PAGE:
Patterson, Ash emphasize combined experience, academic equity in ASG run


Daily file photo by Katie Pach

Sky Patterson speaks at ASG Senate. The Weinberg junior is running for ASG president on a platform of community development, academic equity and wellbeing.

Gabby Birenbaum, Assistant Campus Editor

As a freshman, Associated Student Government presidential candidate Sky Patterson said she considered Northwestern to be “the perfect fit.” The Weinberg junior enjoyed her classes and joined ASG Senate as the representative of For Members Only.

However, as she took more classes and encountered people different from herself, Patterson said she became aware of persistent problems on campus and felt inspired to enact change.

Throughout her ASG tenure, Patterson said those experiences listening to constituents and discovering problems compelled her to find solutions. As ASG’s vice president for academics, Patterson said she worked with the provost’s office to expand the Books for Cats program, which loans textbooks to low-income students for STEM classes. According to her campaign website, Patterson created the first-ever trans inclusivity guide for faculty.

“What really motivates me is hearing students’ grievances and having the desire to mitigate those problems and just work with other people to figure out what kind of Northwestern community we want to build together,” Patterson said.

Patterson and her running mate, ASG vice president for public relations Emily Ash, said wellbeing, academic equity and community development are the values that tie their platform together. Campaign manager Jillian Gilburne, a Communication sophomore, said she believes in Patterson and Ash’s ability to achieve their policy goals because they have already started working on many of them. Such policies include expanding Books for Cats to include all students on financial aid and amending CTECs to include the cost of course materials.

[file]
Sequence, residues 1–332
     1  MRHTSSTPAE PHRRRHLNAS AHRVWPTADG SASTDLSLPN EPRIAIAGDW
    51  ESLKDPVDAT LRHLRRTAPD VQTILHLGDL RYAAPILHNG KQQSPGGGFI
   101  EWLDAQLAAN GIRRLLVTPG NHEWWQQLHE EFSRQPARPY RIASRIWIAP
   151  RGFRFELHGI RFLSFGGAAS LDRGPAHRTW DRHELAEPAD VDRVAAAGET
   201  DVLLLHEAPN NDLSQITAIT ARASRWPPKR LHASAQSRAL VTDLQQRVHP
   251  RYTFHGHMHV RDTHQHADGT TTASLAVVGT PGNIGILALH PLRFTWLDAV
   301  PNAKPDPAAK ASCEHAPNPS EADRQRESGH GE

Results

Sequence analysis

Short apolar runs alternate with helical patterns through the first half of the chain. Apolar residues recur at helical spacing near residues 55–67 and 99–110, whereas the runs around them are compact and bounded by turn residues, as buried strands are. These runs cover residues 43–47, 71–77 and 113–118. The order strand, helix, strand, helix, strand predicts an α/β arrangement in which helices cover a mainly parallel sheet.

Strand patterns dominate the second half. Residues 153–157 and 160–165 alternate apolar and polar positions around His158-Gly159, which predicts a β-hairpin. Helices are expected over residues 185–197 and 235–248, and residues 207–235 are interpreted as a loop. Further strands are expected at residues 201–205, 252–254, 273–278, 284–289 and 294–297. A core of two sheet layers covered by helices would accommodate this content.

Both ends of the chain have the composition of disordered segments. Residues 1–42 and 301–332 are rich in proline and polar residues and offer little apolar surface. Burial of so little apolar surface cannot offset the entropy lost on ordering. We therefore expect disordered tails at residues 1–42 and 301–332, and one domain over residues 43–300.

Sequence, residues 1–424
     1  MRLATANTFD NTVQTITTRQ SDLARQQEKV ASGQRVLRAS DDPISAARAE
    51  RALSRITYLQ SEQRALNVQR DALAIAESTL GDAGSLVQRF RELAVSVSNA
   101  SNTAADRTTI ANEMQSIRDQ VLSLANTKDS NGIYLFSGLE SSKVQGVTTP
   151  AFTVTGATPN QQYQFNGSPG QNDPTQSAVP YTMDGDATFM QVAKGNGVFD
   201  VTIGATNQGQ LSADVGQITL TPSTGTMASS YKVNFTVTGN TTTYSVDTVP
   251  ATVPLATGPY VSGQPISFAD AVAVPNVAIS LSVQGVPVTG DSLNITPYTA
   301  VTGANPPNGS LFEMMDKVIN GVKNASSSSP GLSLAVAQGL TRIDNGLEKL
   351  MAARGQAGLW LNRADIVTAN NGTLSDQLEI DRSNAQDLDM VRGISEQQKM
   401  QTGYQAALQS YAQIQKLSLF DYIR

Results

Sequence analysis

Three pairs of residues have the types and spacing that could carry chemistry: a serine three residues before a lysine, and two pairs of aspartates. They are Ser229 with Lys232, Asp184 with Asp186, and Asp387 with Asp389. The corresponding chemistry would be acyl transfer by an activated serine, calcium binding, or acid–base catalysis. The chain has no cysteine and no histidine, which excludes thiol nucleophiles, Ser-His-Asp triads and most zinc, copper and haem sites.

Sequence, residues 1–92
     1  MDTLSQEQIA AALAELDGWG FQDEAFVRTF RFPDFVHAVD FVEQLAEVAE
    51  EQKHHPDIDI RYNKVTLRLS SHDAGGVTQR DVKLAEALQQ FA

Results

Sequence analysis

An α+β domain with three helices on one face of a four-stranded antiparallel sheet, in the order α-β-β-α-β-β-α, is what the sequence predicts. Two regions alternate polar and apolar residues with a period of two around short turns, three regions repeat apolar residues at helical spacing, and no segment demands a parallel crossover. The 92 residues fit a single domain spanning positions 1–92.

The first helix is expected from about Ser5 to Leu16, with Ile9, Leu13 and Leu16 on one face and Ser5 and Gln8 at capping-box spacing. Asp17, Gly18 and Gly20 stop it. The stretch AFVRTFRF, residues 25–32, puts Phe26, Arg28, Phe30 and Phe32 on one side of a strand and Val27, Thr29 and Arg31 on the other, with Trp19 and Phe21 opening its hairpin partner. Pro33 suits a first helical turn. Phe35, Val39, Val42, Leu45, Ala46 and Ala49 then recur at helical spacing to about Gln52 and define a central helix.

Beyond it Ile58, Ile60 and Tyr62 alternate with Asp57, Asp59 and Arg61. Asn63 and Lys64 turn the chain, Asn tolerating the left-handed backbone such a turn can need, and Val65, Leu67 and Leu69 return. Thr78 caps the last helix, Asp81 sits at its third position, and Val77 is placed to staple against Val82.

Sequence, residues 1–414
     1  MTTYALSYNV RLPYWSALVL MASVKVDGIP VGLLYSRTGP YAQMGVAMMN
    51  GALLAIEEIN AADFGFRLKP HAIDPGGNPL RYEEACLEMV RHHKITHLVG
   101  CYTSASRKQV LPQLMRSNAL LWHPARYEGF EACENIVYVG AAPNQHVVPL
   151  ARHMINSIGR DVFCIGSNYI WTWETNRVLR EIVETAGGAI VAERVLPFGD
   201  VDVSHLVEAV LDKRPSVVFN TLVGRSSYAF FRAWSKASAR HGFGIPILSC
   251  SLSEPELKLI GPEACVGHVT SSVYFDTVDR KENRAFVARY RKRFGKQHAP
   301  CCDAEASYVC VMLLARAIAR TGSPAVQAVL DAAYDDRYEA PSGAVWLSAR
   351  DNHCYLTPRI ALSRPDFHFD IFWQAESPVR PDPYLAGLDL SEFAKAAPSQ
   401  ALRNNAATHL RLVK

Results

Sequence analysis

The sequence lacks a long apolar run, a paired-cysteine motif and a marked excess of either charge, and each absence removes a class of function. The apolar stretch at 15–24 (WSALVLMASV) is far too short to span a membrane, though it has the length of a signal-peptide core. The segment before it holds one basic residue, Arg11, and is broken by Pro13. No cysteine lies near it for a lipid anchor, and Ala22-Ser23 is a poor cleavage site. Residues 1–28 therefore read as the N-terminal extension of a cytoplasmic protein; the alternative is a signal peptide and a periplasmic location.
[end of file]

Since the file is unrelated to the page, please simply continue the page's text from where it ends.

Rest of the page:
Patterson said that between her and Ash, they have the experience and institutional knowledge necessary to promote goals like academic equity and wellbeing. As vice president for academics, Patterson said she understands the structure of University bureaucracy and is familiar with both administrators and students. Ash’s proficiency with the internal functioning of ASG from her time as vice president for public relations compliments that skill set, making the two a “power pair,” Patterson said.

Ash also said their combined ASG prowess would translate into results for students.

“Given our combined experience, Sky and I just have knowledge of the different levers that we can pull within ASG and at Northwestern in order to achieve greater outcomes for students,” Ash said.

One such outcome is a fund they propose to create to offer stipends for low-income students in campus leadership roles they might otherwise have to turn down in favor of an off-campus job, Ash said. Their knowledge of ASG’s financial structure would allow them to achieve that goal, she said.

In addition, Gilburne said Patterson’s personality and leadership style would make her a great president.

Gilburne said she recognized Patterson’s depth and knowledge when she met her on a pre-orientation trip as an incoming student, and discovered Patterson’s kindness and confidence through ASG.

“She is equal parts strong and able to force things through that she needs to happen, but also does it in a way that makes sure that everyone feels respected and heard,” Gilburne said.

Patterson and Ash will face their opponents, SESP junior Justine Kim and SESP sophomore Austin Gardner, in the first of three debates on Monday. The election will be held on April 12.

Patterson said she is glad that this year’s election is contested, whereas last year’s ticket ran unopposed.

“People should have choices,” Patterson said. “I’m excited to just really show why we are the better choice for Northwestern.”

Email: [email protected]Twitter: @birenbomb